Useful Tools A Writer Should Know About

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Apologies – I know this post is delayed compared to my last, but it has been a chaotic few weeks. As promised in my previous post, I will be discussing a number of what I consider to be ‘useful tools’ for writers.

We’re all familiar with the basic tools of writing: pen, paper, sticky notes, whatever variation of software you prefer to use on a laptop (MS Word, Notepad etc.). However, there are a few additional tools you may not use which can come in handy. Here is a list of those I feel are important.

  1. MS Word outline functionality. If you have Microsoft Word, you may not be familiar with this application. It allows you to create a chapter by chapter outline, so that if you have produced your novel chapters all in the same document, you can momentarily get rid of any chapters you don’t want to focus on to avoid clutter & encourage streamlined working. Simply click ‘view’ in the top menu and select ‘outline.’
  2. Thesaurus in MS Word.  This tool is well known, but it’s useful to highlight all the same. When you’re struggling for alternative words, simply highlight the current word you are using, go to your review tab and select the thesaurus icon. Remember, before replacing your current word, you need to ensure your new word has the right type of tone and meaning that you require.
  3. Social media. This is especially useful if you’re going along the route of self-publishing as you will need to start putting together a marketing plan for your book (you can begin a marketing campaign a couple of months before release for good results – with teaser snippets of your book, cover reveals and competitions for free copies). You might want to take a crash course in different social media platforms and make an informed decision of what works for you. This subject is too in depth to talk about in this particular blog entry, but if you follow my blog I will ensure I cover the best types of social media platforms from my experience and different ways you can use them.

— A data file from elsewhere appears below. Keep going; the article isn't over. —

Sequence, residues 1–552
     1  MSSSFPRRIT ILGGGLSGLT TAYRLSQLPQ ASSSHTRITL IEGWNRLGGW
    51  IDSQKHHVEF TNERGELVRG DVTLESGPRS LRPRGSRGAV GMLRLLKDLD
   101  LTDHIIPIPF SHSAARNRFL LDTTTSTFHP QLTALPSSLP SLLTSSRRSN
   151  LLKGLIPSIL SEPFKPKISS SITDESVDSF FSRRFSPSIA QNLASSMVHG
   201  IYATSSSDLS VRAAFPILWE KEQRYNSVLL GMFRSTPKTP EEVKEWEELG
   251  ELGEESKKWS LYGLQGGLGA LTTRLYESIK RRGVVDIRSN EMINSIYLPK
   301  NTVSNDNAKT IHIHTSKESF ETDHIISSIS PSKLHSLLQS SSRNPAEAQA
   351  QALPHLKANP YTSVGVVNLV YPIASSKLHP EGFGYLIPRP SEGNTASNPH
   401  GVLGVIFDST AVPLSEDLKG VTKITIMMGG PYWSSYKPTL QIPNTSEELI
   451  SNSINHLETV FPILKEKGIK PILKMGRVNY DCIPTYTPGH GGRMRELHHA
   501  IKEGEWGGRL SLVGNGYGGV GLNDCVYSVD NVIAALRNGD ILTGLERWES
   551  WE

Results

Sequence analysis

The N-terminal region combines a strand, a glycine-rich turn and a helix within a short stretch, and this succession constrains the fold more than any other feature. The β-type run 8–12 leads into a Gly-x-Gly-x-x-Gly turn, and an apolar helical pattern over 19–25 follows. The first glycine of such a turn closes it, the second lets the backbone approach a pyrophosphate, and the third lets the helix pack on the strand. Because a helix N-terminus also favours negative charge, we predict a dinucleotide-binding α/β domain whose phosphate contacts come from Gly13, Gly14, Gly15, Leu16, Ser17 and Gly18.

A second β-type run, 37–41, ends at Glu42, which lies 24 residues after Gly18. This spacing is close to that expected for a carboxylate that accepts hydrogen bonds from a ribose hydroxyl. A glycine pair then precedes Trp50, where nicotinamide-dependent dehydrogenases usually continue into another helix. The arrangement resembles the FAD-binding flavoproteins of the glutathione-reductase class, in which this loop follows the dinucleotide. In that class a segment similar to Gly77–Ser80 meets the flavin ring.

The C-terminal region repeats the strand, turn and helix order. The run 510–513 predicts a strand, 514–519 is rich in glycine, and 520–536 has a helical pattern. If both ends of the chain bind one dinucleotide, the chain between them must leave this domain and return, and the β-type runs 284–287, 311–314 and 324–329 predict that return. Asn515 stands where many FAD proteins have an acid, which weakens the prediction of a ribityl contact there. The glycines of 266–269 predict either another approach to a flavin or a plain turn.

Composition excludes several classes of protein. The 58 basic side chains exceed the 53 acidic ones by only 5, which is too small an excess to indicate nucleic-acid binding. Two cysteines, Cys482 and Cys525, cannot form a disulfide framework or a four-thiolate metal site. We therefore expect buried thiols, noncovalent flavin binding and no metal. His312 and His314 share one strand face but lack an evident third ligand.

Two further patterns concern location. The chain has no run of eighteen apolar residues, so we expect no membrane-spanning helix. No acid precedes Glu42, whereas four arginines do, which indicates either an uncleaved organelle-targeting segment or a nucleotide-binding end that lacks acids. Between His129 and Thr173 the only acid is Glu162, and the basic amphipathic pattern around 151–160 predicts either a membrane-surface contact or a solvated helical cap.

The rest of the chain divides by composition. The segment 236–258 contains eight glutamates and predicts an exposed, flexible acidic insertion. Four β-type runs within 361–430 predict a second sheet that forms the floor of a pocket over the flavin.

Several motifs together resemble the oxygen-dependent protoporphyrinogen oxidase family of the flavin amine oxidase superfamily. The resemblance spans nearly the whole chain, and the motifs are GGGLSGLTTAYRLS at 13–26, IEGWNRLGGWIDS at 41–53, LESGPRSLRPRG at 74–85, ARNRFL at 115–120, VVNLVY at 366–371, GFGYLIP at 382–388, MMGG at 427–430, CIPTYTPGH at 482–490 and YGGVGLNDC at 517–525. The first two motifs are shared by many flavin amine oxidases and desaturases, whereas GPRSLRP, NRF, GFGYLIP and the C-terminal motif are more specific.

4. Grammarly. I do believe writers need to be creative and need to put in the time and effort to hone their craft. I also believe grammar and punctuation can hold a writer back – which is a shame. Why let a good idea go to waste? English especially is not the most user-friendly language. This is why I think Grammarly is a great app. It works seamlessly on your computer and is probably the most accurate application I have found so far to correct errors that MS Word misses. For more information, visit: https://www.grammarly.com/.
  5. Alternative website of interest. This is a great website full of additional tools that I discovered when researching: https://www.brandwatch.com/blog/29-writing-tools-and-resources/. I especially like the ‘dangerous writing app’ on here, because if you stop writing for more than 3 seconds, you lose all your work. Say goodbye to procrastination!
  6. Split screening. Not sure how this works for Macs, but on a Windows computer, you can split screen your tabs the following way: i) click on one of your windows ii) hold down the windows icon button on your keyboard iii) click the left or right arrow key to send the window to the desired side of your screen & repeat the process for your other window using the opposite arrow key. This is useful if you have saved your book chapters in separate documents and want to compare two chapters for consistency ie. spelling of a character’s name.

 

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